According to a recent article by the BBC, Coca Cola’s head of sustainability has made a statement that they will not be stopping the production of plastic bottles completely due to consumer demand.
Getting rid of plastic bottles from their production would have left people with the options for cans or glass bottles – neither of which people find convenient. A can is not resealable and doesn’t hold the amount of product that people want. Then the option of a glass bottle, which is also not resealable as of yet, is too heavy and inconvenient to dispose of.
As of right now, Coca Cola stands as having the largest contribution to plastic waste worldwide, producing three tonnes of plastic per year. This is widely concerning to environmentalists, who fear that Coca Cola does not have that amount of control, leading to bottles still ending up in landfill.
What can Coca Cola do to bring down their pollution while maintaining production of plastic?
Coca Cola have already set aims and are looking into solutions to reduce both their carbon footprint and their plastic pollution by 2030. Some of these solutions include working with worldwide NGOs to help with collections for their products. They have shared plans to have both 50% of their bottles be made with recycled material by 2030 and included in this goal is to be recycling as much plastic as they produce by the same date.
Many activists have had a problem with this date and have advocated for this date to come much sooner, in as little as half the time. Is this achievable? Coca Cola has spoken out about this before and there is a reason for such a faraway deadline. For the brand to be able to recycle as much plastic as it produces and have its bottles be made of 50% recycled plastic -many scorned the brand for not aiming for 100%- they have to have enough food grade plastic to keep up with production. This has been an issue in the past, where even the largest UK recycler of PET plastic, Clean Tech, with whom Coca Cola are partnered, ran into the problem of not being able to provide enough food grade plastic to keep up with the demand and production numbers that the brand works with.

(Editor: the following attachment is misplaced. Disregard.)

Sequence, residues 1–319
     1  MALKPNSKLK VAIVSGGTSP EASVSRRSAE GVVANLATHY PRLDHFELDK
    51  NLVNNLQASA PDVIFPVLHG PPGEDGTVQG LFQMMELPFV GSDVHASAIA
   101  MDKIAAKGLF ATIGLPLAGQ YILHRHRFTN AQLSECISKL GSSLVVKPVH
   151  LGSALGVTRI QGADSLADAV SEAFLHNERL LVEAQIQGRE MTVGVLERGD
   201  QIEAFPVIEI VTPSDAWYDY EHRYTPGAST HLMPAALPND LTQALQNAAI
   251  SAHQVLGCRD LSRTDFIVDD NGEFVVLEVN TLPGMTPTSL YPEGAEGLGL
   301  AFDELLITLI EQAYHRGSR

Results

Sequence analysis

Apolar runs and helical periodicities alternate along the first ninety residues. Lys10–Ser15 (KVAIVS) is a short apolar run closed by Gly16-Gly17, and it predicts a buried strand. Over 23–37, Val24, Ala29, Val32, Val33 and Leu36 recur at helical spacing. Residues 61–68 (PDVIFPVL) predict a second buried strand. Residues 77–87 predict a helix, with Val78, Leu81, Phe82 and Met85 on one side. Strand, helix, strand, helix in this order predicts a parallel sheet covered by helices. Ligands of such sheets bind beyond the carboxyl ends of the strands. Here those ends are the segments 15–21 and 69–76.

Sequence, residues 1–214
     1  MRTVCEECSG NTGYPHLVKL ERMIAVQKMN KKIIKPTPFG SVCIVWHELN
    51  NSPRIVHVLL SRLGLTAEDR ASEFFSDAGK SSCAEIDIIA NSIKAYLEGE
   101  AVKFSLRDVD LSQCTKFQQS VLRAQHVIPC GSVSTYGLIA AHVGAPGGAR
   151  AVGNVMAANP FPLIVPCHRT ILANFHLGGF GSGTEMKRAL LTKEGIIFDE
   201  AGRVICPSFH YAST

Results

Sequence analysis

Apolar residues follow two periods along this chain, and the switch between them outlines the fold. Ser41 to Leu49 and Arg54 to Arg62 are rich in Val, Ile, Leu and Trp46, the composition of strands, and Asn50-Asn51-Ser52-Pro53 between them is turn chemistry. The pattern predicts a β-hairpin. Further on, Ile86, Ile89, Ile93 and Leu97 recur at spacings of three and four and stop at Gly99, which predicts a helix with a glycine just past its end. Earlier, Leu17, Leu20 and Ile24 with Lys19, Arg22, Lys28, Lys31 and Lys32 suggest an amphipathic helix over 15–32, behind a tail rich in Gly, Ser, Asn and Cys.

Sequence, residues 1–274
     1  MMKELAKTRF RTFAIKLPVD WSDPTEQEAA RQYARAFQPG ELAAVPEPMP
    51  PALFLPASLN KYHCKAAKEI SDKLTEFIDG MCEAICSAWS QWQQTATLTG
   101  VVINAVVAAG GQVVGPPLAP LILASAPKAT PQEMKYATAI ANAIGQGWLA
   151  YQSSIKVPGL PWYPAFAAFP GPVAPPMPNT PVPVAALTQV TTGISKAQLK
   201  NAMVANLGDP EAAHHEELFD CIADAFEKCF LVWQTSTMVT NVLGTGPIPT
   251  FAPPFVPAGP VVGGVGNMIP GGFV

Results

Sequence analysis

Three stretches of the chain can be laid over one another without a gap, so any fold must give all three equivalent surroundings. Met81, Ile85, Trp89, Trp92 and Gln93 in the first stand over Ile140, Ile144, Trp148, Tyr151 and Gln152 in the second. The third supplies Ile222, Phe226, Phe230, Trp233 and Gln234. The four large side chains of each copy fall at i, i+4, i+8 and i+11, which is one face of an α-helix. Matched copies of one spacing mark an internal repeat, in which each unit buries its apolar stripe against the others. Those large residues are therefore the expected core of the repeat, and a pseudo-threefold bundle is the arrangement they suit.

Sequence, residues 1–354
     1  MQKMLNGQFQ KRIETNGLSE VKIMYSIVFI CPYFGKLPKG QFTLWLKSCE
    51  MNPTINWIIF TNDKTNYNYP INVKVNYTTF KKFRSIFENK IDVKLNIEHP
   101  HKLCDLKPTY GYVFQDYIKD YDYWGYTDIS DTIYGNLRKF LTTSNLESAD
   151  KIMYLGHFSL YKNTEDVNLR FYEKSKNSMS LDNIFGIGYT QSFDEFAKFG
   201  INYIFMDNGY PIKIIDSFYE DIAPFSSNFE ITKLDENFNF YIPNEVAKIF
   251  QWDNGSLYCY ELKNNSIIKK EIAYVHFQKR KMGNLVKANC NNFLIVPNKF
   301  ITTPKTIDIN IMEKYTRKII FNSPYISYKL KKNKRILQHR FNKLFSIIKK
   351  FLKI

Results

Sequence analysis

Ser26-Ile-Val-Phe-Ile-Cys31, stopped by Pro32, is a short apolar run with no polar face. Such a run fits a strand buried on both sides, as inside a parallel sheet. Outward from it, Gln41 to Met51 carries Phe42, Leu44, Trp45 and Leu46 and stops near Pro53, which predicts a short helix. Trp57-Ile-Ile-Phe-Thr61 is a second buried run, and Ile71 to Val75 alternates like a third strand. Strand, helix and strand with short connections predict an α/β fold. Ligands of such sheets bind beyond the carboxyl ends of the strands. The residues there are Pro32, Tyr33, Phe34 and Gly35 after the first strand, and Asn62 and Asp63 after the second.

With Coca Cola’s plans for collecting their used products, this will be something that will help with how much of the plastic they produce can be recycled at food grade and used in the next batch of plastic bottles.
Another reason the brand has refused to completely stop production of plastic bottles, comes down to the increase it will have on their carbon footprint. Being the most popular soft drinks company, means that they will have to drastically increase the production of glass bottles and aluminum cans, which the company claims will raise their carbon footprint. A few aluminum cans industry institutes commented on this, claiming that as far as the footprint attached to both these materials, they were largely equal and that there were too many differing factors -like geographic location- that meant an accurate difference was not easy to find. The only way to really ensure that the company’s carbon footprint reduces, is to recycle as much of its material as is possible.
Many of these issues are faced by all consumer drinks companies, due to the fact that plastic waste is currently facing what is being called the ‘war’ on plastic. This has created a very specific mindset when it comes to plastic, that many companies are now in difficult situations. These companies need to think about their consumers and the wide majority of them. This was something the Coca Cola’s head of sustainability was quoted on, “Business won’t be in business if we don’t accommodate consumers.” This includes those who still want plastic bottles.
Huge consumer-based companies have an obligation to lead their customers into realising that there is a problem with plastic waste and lead them into believing in the solutions that they pledge. If customers love the product, they will still purchase whatever packaging the company decide to sell it in. It comes down to the marketing campaigns and how Coca Cola pledge to encourage their consumers to behave after purchase.
So, while the company may be in a controversial position, banning plastic bottles may not be a good idea, so long as collection and recycling increase along with their produce.